How Poor Personal Credit Could Affect Your Business
We all know our credit rating is important. In fact, our credit score is one of the most significant numbers in our lives. A poor credit score can affect your life in a multitude of ways, none of them good. Whether you find yourself struggling to get approved for loans and credit or paying higher interest rates on your mortgage, bad credit will follow you around everywhere you go and complicate your whole life.
You’re not saved by your business credit score, either!
One of the most common but fatal mistakes that new entrepreneurs make is to assume that their personal and professional credit scores are separate. While your business and personal credit scores may be maintained separately, they are intimately linked with one another. If you have a poor personal credit rating, it will still affect your ability to secure credit for your business.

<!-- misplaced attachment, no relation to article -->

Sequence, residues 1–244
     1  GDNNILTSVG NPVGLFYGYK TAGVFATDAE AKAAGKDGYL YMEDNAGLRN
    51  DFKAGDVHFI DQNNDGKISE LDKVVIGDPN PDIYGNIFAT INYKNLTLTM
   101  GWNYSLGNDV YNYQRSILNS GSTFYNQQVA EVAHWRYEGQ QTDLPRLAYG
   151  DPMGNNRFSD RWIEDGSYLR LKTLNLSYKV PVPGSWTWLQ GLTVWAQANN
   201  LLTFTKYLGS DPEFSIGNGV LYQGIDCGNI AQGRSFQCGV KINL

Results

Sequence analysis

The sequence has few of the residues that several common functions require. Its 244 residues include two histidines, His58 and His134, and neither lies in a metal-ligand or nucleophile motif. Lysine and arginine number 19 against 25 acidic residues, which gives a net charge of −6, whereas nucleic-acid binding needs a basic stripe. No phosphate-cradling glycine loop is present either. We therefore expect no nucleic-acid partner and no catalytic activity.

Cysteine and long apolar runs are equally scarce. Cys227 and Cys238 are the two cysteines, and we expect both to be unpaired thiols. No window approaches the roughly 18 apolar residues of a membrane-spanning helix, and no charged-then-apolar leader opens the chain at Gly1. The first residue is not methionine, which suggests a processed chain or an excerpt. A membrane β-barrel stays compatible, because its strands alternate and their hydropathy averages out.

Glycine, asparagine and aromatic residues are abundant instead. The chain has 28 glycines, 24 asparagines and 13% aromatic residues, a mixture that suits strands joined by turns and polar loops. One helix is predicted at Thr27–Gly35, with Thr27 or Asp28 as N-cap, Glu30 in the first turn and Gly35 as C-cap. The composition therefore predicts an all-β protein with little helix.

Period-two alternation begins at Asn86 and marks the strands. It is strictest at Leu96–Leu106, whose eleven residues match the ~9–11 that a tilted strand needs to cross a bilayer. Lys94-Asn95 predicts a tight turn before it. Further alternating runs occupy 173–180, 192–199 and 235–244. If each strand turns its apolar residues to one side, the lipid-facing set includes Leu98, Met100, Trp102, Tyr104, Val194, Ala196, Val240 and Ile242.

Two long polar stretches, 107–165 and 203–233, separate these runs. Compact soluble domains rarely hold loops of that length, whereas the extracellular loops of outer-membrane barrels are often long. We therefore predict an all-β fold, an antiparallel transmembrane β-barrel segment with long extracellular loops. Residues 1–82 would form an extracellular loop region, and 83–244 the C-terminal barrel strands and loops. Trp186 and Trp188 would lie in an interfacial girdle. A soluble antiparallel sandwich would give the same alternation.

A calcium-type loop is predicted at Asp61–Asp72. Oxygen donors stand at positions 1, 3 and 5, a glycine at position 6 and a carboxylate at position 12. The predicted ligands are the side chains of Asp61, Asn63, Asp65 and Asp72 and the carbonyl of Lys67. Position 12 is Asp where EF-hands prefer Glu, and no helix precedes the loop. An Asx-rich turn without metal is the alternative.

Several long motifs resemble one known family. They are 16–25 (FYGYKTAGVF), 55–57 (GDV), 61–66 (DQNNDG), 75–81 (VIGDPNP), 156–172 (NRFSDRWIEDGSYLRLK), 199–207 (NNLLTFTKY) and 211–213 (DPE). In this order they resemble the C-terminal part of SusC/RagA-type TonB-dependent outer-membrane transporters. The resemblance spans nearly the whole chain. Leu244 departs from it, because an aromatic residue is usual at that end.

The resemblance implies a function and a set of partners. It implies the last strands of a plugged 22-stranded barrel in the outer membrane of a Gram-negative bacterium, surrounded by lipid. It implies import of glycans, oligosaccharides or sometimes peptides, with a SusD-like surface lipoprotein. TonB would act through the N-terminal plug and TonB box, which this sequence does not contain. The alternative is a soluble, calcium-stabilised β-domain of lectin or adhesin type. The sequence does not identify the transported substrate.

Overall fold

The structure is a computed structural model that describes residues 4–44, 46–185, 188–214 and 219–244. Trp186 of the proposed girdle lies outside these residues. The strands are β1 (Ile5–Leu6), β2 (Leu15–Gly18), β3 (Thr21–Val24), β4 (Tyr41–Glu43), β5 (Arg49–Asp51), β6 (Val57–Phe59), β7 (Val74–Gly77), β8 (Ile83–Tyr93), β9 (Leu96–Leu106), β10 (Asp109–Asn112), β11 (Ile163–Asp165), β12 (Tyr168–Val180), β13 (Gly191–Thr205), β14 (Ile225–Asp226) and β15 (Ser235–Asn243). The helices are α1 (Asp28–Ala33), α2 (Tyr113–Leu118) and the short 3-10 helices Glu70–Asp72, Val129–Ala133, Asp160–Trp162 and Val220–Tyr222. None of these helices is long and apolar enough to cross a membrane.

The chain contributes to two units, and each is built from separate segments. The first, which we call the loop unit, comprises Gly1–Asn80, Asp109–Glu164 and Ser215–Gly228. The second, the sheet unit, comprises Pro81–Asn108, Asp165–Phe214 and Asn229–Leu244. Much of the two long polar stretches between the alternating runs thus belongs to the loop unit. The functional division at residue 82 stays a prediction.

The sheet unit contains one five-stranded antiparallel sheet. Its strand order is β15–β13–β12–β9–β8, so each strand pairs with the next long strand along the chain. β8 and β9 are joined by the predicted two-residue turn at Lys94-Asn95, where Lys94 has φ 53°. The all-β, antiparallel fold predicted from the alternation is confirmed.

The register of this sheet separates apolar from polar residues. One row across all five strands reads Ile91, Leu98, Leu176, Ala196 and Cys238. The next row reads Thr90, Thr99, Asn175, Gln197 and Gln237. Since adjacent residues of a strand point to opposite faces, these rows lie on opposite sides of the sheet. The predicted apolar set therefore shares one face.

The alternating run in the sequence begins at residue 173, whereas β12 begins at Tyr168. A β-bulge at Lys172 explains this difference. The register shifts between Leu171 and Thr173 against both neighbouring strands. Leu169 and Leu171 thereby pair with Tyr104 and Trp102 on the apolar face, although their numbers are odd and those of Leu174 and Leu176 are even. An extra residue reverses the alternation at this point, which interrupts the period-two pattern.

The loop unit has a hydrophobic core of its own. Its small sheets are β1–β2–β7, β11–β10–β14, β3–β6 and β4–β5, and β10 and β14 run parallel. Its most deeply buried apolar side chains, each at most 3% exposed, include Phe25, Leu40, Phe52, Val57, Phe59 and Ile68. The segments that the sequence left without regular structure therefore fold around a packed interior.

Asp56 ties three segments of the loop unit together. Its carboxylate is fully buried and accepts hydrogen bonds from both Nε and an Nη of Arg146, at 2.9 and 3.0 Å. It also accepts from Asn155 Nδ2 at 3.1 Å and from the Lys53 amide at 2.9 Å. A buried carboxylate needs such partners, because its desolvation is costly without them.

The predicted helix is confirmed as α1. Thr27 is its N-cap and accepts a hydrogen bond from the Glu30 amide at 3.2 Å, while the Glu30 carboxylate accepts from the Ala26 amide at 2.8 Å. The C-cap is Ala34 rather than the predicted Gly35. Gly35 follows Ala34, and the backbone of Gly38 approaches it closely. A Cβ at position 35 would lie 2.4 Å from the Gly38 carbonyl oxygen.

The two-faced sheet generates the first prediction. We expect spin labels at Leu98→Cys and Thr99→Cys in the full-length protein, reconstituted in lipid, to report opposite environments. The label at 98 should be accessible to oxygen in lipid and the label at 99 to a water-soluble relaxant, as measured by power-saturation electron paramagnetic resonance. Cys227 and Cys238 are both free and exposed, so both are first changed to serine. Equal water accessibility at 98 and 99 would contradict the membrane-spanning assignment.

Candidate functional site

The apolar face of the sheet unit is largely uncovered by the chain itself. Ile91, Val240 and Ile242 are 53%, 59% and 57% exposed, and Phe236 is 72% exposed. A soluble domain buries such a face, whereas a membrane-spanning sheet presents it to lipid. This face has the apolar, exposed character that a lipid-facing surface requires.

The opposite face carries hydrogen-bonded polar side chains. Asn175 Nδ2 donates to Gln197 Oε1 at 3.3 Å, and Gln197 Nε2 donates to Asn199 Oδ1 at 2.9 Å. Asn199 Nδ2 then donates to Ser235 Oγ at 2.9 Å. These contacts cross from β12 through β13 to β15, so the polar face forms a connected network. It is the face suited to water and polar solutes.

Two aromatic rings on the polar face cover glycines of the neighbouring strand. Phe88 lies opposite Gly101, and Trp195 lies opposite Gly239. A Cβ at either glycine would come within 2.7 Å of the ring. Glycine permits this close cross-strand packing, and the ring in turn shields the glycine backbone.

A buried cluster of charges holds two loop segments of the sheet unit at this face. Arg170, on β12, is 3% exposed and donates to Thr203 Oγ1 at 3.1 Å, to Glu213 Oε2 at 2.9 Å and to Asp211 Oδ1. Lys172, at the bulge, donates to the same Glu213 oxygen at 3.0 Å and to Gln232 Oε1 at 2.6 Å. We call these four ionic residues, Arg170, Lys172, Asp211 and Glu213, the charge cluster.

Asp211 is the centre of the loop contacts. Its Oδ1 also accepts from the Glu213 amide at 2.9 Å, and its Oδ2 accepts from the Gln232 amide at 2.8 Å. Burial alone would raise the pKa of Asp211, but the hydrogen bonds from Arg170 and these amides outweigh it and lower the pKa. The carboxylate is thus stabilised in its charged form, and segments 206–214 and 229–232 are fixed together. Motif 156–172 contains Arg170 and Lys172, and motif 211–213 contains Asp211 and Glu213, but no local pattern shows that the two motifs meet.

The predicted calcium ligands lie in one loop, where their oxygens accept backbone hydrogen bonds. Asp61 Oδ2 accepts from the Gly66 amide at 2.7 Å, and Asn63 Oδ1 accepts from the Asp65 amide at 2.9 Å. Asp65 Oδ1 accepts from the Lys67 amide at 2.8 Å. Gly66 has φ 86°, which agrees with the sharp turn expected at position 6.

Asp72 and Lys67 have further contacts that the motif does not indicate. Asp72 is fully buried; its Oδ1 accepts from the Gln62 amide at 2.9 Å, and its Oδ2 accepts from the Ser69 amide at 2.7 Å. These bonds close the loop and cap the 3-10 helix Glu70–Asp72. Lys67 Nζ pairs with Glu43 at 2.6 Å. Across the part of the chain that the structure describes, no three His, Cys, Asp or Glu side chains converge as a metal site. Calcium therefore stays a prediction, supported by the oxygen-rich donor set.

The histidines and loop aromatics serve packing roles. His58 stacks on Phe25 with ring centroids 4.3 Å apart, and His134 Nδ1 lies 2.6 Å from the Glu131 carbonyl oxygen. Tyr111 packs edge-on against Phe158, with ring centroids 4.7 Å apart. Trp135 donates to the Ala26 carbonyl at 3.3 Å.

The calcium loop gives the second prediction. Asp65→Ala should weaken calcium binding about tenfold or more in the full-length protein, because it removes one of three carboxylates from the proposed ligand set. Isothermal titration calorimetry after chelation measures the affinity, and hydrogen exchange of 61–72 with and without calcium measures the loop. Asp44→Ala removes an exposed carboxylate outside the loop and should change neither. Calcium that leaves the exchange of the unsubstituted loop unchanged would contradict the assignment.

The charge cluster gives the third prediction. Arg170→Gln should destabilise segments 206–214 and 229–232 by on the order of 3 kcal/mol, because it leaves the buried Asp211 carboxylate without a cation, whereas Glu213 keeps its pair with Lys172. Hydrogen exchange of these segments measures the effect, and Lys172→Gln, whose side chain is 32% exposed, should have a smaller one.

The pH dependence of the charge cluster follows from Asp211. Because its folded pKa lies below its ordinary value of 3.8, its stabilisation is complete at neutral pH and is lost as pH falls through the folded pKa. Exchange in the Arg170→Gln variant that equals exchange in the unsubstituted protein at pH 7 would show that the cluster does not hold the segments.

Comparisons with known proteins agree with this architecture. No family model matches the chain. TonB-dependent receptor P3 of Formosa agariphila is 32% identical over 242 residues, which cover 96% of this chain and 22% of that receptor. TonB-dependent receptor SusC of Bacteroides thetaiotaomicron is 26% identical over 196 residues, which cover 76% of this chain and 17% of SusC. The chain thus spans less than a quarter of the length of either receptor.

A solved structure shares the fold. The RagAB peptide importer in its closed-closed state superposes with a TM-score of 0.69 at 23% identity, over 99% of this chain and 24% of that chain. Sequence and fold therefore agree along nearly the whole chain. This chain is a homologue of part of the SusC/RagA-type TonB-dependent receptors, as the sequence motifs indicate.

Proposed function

Why Does Personal Credit Affect Your Business?
If you are a new and unproven entrepreneur, you will need to convince banks that it’s worth betting on you and extending you credit. If they don’t think that you’ll be able to pay them back, too bad. They’re unlikely to approve any loans. In the absence of a solid track record for business, they may well use your personal credit score as an indication of how trustworthy you are.
This makes sense.
The lender needs more than your word that you are going to stick to your payment plans. They want some kind of certainty that they will ultimately make money back on their investment. Your credit score is the best indicator they have of how reliable a debtor you are likely to be.
If you have a poor personal credit score, there are a number of problems it can cause. We’ll take a look at each in detail below. Click here to find out more about some general tips for raising your credit score.
Problems Launching Your Business